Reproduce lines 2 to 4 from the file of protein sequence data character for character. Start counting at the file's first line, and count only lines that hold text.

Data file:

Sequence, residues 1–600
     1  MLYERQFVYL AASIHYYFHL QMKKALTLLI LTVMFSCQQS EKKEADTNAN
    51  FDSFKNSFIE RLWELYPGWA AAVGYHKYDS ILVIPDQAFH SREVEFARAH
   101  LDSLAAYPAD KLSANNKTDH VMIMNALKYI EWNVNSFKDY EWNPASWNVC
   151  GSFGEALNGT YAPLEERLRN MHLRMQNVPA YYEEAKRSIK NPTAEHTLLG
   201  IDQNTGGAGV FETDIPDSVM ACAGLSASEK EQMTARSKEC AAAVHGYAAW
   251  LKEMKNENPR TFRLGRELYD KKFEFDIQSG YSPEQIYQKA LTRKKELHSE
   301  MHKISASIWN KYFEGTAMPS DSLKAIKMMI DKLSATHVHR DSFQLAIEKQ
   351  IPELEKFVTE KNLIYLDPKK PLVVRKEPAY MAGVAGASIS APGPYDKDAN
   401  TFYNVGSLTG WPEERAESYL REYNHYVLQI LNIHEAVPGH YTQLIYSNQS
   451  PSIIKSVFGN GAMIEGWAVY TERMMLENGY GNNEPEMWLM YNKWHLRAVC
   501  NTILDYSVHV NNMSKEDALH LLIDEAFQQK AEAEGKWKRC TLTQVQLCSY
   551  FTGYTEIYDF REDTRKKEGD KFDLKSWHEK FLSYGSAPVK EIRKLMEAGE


     1  MLYERQFVYL AASIHYYFHL QMKKALTLLI LTVMFSCQQS EKKEADTNAN
    51  FDSFKNSFIE RLWELYPGWA AAVGYHKYDS ILVIPDQAFH SREVEFARAH
   101  LDSLAAYPAD KLSANNKTDH VMIMNALKYI EWNVNSFKDY EWNPASWNVC